Despite the large role that CMBS has played in the delay of commercial foreclosures, there have also been other forces at work. Even commercial properties that were financed by single institutional lenders have been slow to foreclose.

Most lenders are reluctant to take ownership of defaulting commercial properties and are actively delaying their foreclosure. Often facing limited market knowledge of commercial real estate submarkets, lenders are reluctant to burden themselves with the liability and challenge of managing these assets.

Instead, many lenders are choosing to renegotiate with borrowers in order to work through these tough times, particularly if the defaulting property is continuing to produce income, albeit at a much lower level than was projected at the time the loan was granted.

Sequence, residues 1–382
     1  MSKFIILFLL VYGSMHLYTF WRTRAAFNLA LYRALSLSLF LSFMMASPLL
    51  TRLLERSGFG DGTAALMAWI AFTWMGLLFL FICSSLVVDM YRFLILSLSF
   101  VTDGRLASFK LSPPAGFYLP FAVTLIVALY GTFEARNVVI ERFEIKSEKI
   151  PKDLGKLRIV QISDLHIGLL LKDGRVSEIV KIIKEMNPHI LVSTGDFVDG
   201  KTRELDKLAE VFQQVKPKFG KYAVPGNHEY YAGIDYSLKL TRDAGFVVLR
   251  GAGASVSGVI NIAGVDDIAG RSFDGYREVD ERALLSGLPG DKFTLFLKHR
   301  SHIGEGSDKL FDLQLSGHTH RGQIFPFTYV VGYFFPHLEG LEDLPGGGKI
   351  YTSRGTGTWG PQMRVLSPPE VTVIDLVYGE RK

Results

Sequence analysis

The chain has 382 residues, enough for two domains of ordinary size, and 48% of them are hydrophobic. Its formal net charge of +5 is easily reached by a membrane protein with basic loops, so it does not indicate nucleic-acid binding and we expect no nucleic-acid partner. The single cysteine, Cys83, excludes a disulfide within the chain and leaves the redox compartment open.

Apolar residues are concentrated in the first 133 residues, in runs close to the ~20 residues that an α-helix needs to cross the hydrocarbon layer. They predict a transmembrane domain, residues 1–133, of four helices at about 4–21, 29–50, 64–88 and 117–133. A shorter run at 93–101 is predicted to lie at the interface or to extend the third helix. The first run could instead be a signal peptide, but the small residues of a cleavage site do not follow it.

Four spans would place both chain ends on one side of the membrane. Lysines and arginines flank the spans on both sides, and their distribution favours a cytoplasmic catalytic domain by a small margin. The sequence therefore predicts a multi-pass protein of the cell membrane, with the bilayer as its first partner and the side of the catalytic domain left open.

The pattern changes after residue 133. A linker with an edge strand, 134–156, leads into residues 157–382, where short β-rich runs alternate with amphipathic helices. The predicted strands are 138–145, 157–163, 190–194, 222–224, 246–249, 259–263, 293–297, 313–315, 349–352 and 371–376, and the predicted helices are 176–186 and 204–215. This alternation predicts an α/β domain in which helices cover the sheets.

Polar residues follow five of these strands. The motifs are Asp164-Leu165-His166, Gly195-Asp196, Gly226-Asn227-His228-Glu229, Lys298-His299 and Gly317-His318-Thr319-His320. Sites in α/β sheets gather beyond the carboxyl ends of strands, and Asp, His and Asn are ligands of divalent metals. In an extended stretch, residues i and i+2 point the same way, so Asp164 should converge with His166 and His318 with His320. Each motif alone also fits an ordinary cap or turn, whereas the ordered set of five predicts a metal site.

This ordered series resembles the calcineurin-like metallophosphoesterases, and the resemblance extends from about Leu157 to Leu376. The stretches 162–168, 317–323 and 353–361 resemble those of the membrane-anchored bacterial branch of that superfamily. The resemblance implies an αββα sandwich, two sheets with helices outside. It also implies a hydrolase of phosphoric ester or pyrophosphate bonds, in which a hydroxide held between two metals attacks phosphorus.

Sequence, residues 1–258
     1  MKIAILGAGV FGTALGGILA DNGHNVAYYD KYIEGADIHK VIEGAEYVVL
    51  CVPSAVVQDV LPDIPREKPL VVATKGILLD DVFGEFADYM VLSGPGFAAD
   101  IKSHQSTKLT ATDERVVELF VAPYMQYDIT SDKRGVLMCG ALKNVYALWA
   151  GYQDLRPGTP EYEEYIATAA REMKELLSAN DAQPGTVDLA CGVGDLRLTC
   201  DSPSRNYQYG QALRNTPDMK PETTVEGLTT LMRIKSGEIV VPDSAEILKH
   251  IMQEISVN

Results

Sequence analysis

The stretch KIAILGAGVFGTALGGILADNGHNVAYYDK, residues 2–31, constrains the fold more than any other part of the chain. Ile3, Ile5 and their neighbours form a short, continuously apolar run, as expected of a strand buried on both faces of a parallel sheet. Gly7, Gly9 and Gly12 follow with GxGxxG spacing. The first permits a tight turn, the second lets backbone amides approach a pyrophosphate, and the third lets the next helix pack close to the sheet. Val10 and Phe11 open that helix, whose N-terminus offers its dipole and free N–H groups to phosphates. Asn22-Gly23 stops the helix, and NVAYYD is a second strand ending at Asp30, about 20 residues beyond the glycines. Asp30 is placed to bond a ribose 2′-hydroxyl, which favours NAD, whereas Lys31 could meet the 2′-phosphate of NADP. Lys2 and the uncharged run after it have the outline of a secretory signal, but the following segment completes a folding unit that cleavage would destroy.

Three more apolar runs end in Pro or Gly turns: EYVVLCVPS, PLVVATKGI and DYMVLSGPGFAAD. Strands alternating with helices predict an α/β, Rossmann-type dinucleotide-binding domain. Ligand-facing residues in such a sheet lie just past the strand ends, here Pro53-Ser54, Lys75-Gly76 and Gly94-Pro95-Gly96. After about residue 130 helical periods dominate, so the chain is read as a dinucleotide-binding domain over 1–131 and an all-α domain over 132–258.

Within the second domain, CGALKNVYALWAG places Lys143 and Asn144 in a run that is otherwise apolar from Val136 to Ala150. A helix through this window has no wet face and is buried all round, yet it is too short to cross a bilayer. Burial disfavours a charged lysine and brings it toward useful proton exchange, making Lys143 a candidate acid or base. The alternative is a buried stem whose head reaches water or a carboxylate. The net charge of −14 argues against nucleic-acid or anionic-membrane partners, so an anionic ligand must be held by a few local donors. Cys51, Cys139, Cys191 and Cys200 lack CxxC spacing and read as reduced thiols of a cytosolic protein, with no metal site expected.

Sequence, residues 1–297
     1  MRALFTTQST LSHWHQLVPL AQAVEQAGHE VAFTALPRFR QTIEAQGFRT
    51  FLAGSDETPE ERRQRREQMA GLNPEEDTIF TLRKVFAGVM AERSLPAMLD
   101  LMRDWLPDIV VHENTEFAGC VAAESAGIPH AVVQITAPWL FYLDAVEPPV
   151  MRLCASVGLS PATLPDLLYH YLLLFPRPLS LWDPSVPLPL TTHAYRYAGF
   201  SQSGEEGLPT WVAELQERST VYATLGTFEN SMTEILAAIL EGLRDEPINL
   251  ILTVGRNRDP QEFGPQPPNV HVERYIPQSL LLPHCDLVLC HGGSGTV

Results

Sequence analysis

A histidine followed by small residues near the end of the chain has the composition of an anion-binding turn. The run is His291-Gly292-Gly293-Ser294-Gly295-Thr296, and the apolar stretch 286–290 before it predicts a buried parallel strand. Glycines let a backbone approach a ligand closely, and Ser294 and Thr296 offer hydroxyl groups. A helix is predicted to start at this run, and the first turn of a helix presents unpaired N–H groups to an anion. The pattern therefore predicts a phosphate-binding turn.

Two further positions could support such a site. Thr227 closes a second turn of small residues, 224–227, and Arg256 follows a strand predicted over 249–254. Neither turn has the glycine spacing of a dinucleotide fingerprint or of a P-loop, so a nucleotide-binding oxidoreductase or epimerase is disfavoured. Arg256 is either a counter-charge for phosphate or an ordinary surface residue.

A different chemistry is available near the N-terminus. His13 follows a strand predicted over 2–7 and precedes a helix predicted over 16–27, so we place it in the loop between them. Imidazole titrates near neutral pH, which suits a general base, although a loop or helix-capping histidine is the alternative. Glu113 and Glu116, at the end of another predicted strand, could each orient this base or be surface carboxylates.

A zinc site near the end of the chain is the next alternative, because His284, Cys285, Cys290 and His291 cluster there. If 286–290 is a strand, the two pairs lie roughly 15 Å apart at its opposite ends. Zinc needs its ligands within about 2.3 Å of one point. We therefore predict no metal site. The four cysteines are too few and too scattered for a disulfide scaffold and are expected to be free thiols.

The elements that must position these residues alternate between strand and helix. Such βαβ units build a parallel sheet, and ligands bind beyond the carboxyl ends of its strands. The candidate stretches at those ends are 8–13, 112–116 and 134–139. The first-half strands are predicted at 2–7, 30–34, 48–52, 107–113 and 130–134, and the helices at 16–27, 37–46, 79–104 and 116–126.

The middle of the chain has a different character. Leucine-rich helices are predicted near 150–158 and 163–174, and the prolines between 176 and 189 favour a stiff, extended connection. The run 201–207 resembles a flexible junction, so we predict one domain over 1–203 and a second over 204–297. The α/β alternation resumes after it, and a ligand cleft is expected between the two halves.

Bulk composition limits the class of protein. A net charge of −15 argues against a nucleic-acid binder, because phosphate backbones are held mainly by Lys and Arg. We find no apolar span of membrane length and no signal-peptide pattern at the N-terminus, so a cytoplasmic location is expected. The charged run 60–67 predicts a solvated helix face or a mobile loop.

Foreclosure alternatives
For many commercial properties, renegotiating the loan is simply impossible, because borrowers cannot service debt, forcing lenders to assume control of these assets, typically via foreclosure.

As an alternative, some lenders have turned to loan sales, which allow distressed properties to change hands without lenders having to foreclose on the assets. A growing number of nonperforming commercial property loans are being sold by local, regional and foreign lenders to avoid the foreclosure process and the liabilities associated with the ownership on the chain of title.

Lenders are opting to sell loans at anywhere between 30% and 70% of their original value, depending on the asset type, physical condition and property submarket. The lender can write down its losses immediately and clear its balance sheets, rather than risk suffering a further fall in value.